North Carolina

‘Fortnite’ game maker scores an ‘F’ rating from the Better Business Bureau

This article has been updated to include a response from Epic Games.

The Better Business Bureau of Eastern North Carolina has levied an “F” rating against the Cary-based video-game maker Epic Games, and says the company has exhibited a pattern of not responding to customer complaints.

Epic Games, which was recently valued at more than a billion dollars on the back of its popular “Fortnite” game, had 279 complaints on file in the past three years, with 271 of those complaints coming in the past year. Most of the complaints were about issues with the company’s lack of response to complaints about refunds or exchange issues, the Better Business Bureau said.

Of the 279 total complaints closed against Epic, the Better Business Bureau said, 247 of those have gone unanswered.

The Better Business Bureau of Eastern North Carolina, which covers 33 counties in the state, considers a complaint closed after it sends the company three separate notices about the complaint seeking a response, said Alyssa Gutierrez, a spokeswoman for the Better Business Bureau of Eastern North Carolina. The first two notices are sent via email and the third notice is sent by mail and email over a three-week period.

That means the Better Business Bureau could have sent up to 837 notices to the company.

“There has been no communication unfortunately,” Gutierrez said in a phone call. “Epic knows they have a pattern of complaints and we sent a request to respond.”

In a statement to The News & Observer, a spokesman for the company said “Epic Games is not affiliated with the Better Business Bureau and has redirected all player submitted complaints from the BBB to our Player Support staff. We encourage players with concerns about their accounts to reach out to us at”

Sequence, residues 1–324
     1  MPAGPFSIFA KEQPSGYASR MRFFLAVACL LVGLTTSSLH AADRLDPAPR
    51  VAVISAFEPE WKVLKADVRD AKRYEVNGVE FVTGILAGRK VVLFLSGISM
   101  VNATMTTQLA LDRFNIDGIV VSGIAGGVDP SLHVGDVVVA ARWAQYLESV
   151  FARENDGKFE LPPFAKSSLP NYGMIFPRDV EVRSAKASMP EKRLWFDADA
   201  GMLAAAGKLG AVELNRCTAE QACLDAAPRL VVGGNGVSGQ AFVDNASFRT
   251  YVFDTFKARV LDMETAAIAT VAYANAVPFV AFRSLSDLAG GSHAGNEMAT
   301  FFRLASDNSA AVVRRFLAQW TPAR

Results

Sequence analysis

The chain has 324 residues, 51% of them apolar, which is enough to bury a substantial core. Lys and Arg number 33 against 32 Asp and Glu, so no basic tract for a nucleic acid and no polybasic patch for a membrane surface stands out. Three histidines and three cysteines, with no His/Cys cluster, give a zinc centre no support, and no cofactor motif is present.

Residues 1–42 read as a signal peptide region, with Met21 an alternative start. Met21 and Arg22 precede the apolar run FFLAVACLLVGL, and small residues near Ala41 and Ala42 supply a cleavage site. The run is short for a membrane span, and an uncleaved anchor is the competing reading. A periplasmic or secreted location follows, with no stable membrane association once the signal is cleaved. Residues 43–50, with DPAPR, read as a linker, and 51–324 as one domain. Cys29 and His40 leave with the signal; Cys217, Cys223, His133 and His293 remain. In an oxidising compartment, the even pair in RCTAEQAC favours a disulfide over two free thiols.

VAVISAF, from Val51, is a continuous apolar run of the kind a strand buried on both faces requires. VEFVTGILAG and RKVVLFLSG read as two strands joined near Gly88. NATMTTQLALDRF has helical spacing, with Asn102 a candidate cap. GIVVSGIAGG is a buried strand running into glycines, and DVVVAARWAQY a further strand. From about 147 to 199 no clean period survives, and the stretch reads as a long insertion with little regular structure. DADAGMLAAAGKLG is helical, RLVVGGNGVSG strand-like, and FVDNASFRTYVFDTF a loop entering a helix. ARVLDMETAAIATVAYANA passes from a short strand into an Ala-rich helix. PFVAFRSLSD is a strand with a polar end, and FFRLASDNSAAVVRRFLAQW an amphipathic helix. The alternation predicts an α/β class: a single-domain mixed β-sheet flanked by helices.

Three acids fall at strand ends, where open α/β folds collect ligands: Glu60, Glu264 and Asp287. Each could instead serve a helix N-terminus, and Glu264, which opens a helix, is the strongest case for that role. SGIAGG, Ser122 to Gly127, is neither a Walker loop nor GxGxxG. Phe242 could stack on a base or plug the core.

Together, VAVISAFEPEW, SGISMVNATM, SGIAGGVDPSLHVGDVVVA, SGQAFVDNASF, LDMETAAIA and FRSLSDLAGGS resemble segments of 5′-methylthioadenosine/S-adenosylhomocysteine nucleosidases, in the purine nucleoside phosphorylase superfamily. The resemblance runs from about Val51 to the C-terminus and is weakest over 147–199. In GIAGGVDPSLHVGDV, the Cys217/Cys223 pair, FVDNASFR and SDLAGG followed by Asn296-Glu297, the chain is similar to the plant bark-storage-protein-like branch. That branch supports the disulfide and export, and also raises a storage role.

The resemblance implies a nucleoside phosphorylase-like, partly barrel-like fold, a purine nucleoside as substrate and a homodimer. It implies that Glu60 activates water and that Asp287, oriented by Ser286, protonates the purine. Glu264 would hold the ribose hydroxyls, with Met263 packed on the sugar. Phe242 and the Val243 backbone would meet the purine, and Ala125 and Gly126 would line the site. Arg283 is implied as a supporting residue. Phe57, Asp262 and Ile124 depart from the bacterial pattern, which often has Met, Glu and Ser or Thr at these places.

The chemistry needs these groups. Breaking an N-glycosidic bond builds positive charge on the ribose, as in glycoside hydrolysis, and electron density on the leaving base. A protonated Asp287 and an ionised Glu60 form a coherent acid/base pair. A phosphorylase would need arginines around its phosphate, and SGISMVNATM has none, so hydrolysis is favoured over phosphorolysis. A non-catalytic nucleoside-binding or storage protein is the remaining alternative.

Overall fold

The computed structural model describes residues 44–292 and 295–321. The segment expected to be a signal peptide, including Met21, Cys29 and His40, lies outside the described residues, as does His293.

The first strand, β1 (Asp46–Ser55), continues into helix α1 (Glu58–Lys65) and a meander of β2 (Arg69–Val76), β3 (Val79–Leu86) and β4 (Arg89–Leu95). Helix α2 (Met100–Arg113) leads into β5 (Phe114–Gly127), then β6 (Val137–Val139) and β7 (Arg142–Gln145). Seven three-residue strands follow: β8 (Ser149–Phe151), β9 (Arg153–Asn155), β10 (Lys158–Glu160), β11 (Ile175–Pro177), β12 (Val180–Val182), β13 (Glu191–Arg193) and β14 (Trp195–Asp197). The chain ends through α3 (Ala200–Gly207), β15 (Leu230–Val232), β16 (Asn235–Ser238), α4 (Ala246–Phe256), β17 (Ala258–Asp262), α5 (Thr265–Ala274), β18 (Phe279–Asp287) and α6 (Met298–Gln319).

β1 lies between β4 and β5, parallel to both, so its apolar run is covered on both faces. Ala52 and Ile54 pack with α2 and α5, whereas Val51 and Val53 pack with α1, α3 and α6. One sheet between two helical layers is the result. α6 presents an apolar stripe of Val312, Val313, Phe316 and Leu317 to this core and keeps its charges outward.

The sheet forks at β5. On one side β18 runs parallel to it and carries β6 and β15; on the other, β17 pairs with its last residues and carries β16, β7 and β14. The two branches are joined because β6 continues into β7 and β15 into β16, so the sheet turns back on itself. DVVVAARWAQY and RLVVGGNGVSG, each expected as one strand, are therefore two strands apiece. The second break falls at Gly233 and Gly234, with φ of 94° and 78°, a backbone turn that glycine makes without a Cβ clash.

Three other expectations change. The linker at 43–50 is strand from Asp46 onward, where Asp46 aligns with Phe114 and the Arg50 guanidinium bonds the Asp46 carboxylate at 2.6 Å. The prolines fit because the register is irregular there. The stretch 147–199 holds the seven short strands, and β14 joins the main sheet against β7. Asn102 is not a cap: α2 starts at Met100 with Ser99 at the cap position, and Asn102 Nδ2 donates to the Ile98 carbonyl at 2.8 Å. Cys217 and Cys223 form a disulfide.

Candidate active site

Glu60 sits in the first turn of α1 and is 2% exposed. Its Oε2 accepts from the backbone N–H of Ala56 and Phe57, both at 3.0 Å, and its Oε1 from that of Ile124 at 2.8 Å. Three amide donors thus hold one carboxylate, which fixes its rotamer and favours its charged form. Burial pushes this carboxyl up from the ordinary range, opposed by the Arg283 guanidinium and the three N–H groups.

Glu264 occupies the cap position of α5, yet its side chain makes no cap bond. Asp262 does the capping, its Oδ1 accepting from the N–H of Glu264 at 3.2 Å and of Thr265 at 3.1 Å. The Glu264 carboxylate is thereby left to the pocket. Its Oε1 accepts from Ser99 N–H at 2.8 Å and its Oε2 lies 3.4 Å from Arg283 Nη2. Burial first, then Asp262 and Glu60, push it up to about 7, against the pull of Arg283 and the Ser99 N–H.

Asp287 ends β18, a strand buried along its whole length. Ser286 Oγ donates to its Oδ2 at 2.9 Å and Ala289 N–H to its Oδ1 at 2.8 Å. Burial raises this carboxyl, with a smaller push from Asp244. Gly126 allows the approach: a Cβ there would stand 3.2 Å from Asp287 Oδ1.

While the video-game company is not affiliated with the Better Business Bureau, many of the complaints posted by the bureau show that customers had contacted or tried to contact Epic.

One customer wrote: “On 9/26/18 my Epic Games account was locked because of Epic Games’ new security feature (2 factor authentication). It is a standard 2fa system, however it was activated without my consent and now i am unable to access my account, worth hundreds of dollars. I have contacted Epic Games about this issue multiple times, however they refuse to relinquish control of the account. I am hoping to regain access to my account if possible, or get a refund for the hundreds of dollars spent on the account. The total amount is $365.”

The “F” rating has been given to less than 1 percent of companies by the Better Business Bureau of Eastern North Carolina, Gutierrez added. The company was in the top 10 for complaints in Eastern North Carolina last year — though an exact rating is unavailable at this time, Gutierrez said.

The N.C. Department of Justice’s consumer division appears to have had better luck with the company. Laura Brewer, a spokeswoman for the department, told The News & Observer that 13 complaints have been made against the company and nine have been resolved. “Epic Games has been responsive and we’re working through the rest,” Brewer said in an email.

Brewer added that a complaint with the Justice Department is resolved after it reaches out to the company “for answers and or action and the consumer who filed the complaint is satisfied with the result.”

Most of the complaints have come as the company has seen its popularity with gamers soar.

Founded in 1991, Epic Games made a name for itself with games such as “Gears of War” and “Shadow Complex.” But the company leaped into another stratosphere when it released “Fortnite,” a battle-royale-style game that has become one of the most popular titles on the market. Epic has said “Fortnite” attracted more than 125 million players as of June.

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